How to Maximize Time During a Bootcamp so you Leave with a Job
If you’re getting ready to start a bootcamp course, congratulations! You’re making a giant leap into a new and exciting career in tech. But with all the time and money that goes into attending an intensive coding course, you’ll want to make sure you’re making the most of these months so you’re job-ready by the end of your program.
Build a clear online presence
You don’t need a full on lifestyle blog with a logo, but Jacobi says a strong online presence is a necessity for the modern job hunt.
“A personal website is one of multiple options to build this presence,” Jacobi says. “Students should also use LinkedIn, Twitter, Medium, GitHub and other sites. However, building a personal website is a fantastic way to show more personality or strong design skills, especially if a student is interested in front-end roles.”
From her experience, she notes students often use Heroku, GitHubPages, AWS or DigitalOcean for their personal websites. Each has a different pricing model, but most include a free option.
Work with your portfolio in mind
When job hunting, you’ll need to put your best foot forward. The easiest way to do that? A strong portfolio.
Jacobi recommends that about two-thirds of the real estate on a resume be taken up by projects.
“A portfolio of projects is absolutely essential for our students,” Jacobi says. “Since most of them don’t have prior professional experience as developers, their projects are the primary vehicle to showcase their new skills.”
During a bootcamp, you should take the time to work on your portfolio. Keeping in mind the importance of learning as much as possible, students should aim to go above and beyond on their projects.
“If you have a passion for politics,” Jacobi says, “build an app that helps users find their nearest voting location. Passion for puppies? Build an app that scrapes shelter websites to pull in adoptable dogs. When students get creative, they can really leverage their projects to stand out from the crowd.”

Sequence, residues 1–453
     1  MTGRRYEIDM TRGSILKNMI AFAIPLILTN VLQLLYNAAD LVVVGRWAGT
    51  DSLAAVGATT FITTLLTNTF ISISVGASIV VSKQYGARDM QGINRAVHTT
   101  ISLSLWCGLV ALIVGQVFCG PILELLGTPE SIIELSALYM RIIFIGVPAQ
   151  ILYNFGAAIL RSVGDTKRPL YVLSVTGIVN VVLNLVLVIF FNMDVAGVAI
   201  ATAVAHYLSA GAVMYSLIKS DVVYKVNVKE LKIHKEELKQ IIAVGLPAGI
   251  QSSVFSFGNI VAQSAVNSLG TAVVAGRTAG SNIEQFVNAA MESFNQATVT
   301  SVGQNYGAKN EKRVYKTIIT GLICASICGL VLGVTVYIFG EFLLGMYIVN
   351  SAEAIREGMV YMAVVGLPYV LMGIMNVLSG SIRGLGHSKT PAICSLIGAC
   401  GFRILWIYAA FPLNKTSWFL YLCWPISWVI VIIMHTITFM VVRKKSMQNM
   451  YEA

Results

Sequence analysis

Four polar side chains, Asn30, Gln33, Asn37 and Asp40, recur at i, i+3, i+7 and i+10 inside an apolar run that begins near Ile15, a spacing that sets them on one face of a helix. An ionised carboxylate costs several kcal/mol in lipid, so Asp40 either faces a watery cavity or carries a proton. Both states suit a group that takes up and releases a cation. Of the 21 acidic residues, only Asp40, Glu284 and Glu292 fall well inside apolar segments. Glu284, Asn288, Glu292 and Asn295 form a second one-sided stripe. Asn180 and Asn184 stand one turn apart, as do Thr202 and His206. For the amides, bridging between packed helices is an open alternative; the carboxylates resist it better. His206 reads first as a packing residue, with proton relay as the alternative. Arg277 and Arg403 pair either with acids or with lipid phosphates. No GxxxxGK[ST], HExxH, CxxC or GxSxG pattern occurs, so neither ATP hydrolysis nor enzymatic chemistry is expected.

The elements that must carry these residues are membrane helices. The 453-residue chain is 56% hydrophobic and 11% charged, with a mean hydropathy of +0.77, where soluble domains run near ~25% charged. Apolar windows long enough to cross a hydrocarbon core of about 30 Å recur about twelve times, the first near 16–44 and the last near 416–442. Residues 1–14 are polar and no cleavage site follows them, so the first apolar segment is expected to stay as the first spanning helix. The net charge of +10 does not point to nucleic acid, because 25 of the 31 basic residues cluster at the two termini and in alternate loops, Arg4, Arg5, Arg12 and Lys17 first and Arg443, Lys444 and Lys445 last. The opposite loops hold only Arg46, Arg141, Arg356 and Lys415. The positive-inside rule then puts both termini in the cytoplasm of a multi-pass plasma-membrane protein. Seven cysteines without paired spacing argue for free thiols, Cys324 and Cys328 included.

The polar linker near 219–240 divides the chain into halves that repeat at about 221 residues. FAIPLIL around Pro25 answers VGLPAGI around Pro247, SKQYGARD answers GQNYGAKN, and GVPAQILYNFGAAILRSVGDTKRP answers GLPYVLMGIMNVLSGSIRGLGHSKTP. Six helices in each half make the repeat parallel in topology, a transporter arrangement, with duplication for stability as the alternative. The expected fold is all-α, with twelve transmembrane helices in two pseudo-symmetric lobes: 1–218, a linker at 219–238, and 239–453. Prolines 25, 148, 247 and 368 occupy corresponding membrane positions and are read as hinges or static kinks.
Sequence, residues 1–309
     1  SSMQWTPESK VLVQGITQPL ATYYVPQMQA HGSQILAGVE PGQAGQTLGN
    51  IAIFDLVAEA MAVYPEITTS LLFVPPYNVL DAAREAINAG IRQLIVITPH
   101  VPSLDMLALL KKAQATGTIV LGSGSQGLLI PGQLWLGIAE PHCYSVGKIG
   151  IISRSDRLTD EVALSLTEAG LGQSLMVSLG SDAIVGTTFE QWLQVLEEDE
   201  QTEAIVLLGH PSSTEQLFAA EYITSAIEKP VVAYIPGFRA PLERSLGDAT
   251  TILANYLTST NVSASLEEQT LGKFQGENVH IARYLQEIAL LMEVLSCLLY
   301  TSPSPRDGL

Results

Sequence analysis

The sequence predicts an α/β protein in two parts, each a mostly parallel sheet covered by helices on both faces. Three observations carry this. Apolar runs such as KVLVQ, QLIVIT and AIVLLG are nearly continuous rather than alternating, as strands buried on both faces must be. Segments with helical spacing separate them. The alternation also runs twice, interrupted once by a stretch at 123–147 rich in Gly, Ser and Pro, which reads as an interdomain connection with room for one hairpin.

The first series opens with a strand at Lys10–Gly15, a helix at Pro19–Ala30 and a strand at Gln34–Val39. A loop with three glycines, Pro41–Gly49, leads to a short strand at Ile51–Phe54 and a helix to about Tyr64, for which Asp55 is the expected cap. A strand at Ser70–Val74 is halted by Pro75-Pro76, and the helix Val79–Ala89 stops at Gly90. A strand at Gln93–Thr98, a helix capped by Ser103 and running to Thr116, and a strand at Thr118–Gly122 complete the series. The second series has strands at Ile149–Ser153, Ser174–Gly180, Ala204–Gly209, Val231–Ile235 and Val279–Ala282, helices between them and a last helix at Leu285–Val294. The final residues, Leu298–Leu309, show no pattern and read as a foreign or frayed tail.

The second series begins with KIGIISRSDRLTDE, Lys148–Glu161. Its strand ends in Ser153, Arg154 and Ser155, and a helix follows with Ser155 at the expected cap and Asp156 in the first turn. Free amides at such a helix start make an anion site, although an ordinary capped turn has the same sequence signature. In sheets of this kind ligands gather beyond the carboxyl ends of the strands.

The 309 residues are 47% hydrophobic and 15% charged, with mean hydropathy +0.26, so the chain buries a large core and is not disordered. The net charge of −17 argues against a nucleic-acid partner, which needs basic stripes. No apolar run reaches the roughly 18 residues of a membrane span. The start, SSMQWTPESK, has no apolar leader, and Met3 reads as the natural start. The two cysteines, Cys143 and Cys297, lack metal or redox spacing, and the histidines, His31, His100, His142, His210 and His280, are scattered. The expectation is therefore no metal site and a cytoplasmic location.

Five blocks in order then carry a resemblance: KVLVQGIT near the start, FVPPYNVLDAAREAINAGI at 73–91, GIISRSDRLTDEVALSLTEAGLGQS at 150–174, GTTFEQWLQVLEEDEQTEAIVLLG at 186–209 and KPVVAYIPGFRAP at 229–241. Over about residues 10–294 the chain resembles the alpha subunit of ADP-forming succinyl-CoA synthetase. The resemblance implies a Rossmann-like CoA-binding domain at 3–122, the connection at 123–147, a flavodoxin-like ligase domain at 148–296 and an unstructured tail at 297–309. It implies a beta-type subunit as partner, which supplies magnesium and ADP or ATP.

Network like a human
Jacobi encourages students not to think of networking as a purely transactional career tool. Instead, view your personal and professional communities holistically.
“Networking is just making human connections — building your circle of friends and contacts to enrich your life,” Jacobi says. “The stronger the networks that students bring into the program — from their dodgeball teams, undergrads, prior professional experience, religious communities, marathon-training buddies or acapella groups — the easier path they’ll have to their first opportunity.”
She recommends, for students who find they have time, attending Meetup groups that emphasize particular interests. In addition, if students are transitioning from careers in other fields like fashion or publishing, consider investigating tech roles in those fields.
“Students’ experience in other fields… is absolutely a leg up in their job search,” Jacobi says. “We have students who used to work as editors end up as engineers at publishing houses. We have students who used to work in sales end up as client solutions engineers, where they leverage their customer-facing skills. We have students who used to work as fashion merchandisers end up as engineers at e-commerce apparel companies.”
While prior experience in a particular field is not necessary, Jacobi says employers truly value the professionalism, communication skills, drive and self-directedness that bootcamp students bring with them from those previous careers.
This article was written by Megan Pearl on September 20 2018. If you would like to read the full article click HERE